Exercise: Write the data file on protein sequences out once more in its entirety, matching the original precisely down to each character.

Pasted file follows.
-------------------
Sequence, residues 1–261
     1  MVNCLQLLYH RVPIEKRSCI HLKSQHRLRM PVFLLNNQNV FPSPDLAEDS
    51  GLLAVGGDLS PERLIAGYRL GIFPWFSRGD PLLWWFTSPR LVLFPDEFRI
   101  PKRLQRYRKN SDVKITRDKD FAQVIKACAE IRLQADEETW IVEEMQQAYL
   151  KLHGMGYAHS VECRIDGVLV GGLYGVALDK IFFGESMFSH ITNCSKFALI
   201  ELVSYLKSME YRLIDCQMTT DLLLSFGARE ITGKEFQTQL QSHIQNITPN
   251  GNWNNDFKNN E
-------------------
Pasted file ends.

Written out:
Sequence, residues 1–261
     1  MVNCLQLLYH RVPIEKRSCI HLKSQHRLRM PVFLLNNQNV FPSPDLAEDS
    51  GLLAVGGDLS PERLIAGYRL GIFPWFSRGD PLLWWFTSPR LVLFPDEFRI
   101  PKRLQRYRKN SDVKITRDKD FAQVIKACAE IRLQADEETW IVEEMQQAYL
   151  KLHGMGYAHS VECRIDGVLV GGLYGVALDK IFFGESMFSH ITNCSKFALI
   201  ELVSYLKSME YRLIDCQMTT DLLLSFGARE ITGKEFQTQL QSHIQNITPN
   251  GNWNNDFKNN E